> > There may be cases where you need it to looked at as Unknown but
> > I think in most business applications the Unknown option would be
> > far rarer than Not Entered Yet.

> And I think the opposite.  And another programmer might have a
> completely different view.  But that doesn't make one of us right and
> the other wrong.  Right and wrong don't enter into this argument.

> Nulls are simply ambiguous - they don't convey any meaning.  The
> programmer has to give them meaning.  There is no way around this.
> IMHO, using some kind of default assumption as to what null means
> would be an error-prone waste of time.

> > I would like to see it have the ability to work my way
> > without my having to do extra coding all of the time.

> A future version of the ANSI SQL standard might support something
> like this, but that capability doesn't exist right now.  And I don't
> think you're doing any "extra" coding - you're just writing the code
> which is necessary to do the job given the current state-of-the-art.

> Just my $0.02.

> Chris.
> ---------------

Unfortunately, the existing Delphi components (actually, the data
structures) attempt to resolve this ambiguity by defaulting to 0 (= Jan 30,
1899).  It would be much better if the data types and components were
intelligent enough to leave the data as ambiguous, and leave it up to the
developer to put meaning to it.  Assigning an arbitrary value doesn't
alleviate the developer's need to deal with it.  In fact, if Jan 30, 1899
can be a valid value (date of a museum artifact, birthdate of a geriatric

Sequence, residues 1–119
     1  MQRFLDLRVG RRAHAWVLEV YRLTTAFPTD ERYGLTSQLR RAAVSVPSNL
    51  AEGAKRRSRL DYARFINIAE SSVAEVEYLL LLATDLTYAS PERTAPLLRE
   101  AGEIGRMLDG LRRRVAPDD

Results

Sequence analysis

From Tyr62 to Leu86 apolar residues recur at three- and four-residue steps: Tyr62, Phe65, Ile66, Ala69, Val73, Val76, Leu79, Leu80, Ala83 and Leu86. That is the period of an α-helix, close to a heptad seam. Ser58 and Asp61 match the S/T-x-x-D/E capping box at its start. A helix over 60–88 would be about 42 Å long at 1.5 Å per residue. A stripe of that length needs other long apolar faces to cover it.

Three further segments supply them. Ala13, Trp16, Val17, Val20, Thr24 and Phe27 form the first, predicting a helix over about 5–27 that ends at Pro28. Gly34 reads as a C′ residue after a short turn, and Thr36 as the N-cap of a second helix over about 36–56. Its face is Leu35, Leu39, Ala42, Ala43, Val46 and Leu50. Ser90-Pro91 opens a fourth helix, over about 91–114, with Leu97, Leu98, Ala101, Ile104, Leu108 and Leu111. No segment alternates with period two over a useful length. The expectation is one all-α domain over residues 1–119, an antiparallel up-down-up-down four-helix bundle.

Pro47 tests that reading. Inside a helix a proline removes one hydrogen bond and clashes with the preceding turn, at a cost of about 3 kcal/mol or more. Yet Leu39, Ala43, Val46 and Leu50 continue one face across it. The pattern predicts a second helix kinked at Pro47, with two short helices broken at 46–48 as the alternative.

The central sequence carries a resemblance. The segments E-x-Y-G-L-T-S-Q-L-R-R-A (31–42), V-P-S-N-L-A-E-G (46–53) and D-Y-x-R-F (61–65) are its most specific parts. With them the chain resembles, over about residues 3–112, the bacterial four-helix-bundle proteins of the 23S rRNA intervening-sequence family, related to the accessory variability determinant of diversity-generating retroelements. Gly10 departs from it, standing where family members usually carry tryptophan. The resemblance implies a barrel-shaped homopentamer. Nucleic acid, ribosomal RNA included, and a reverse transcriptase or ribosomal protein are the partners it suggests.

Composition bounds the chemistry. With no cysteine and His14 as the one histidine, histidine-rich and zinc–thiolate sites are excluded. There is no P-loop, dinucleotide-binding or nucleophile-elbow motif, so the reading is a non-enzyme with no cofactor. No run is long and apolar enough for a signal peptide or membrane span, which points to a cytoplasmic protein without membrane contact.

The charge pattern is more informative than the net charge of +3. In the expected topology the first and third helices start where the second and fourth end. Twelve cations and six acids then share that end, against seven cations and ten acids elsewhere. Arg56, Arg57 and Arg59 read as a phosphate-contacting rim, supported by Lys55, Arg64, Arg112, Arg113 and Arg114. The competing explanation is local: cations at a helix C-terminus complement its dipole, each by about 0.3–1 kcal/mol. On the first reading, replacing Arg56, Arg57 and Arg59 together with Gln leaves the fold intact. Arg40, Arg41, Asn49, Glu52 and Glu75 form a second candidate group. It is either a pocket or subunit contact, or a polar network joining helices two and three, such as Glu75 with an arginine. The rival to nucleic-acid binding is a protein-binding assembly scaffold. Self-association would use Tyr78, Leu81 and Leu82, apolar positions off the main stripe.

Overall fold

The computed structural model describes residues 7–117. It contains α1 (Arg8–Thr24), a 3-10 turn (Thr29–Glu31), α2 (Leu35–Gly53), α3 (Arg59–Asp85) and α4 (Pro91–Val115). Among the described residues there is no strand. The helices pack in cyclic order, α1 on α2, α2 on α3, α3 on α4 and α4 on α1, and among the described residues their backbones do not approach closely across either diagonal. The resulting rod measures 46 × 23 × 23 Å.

patient), then you have a real hassle on your hands.  If Delphi needs to
resolve this, it'd be better if it converted nulls to Jan 1, 0001, or
something similarily unlikely to be used.

The problem also appears for numeric values, like where $0.00 is a valid
cost.  The only way I can see around it is to use Variants for all data
fields that can be null.  Too bad they're So Slow!

Daniel Bragg

Re:DateTime and Null


On Tue, 10 Jul 2001 09:26:04 -0600, "Richard" <rtsmat...@hotmail.com>
wrote:

Quote
>To me "unknown" can be treated the same as "not entered yet", but I guess
>that is subjective, right<g>?

Null, at least as far as I know, is treated as undefined within SQL
and DB's... it has no meaning, except that which you give it... in
code later.

I believe SQL defines maths logic to always compute to Null.

I'm not sure about string manipulation, I believe concatination works
as though Null is a 0 length string?, but sorting can be problimatic
dependent on DB implimentation, and by inferrence MIN(x)/MAX(x). But I
believe that Null in theory has a lower value than '<blank>' and 0.

I agree with another poster that a flag (single character) aught to be
used to indicate a fields meaning where it may be ambiguois (ie
NeverExpires, UseExpiryDate, ExpiryUnknown).

However as an asside, I find the arbitary nature of lower limit too
dates in SQL server to be very annoying (I believe delphi also has
this limitation in its date processing?) especially if one wants to
store data that is hystorical (such as building construction dates)
1899 is only 100 years old! The only way arround this is to not use
date types which is fine untill you need to do date maths, which
introduces additional [visible] code :-(

Jon

--

Integrated 400 Solutions Ltd.

Jonathan Wilson, AS/400 consultant/director

24 Hours: 07775 638904

Other Threads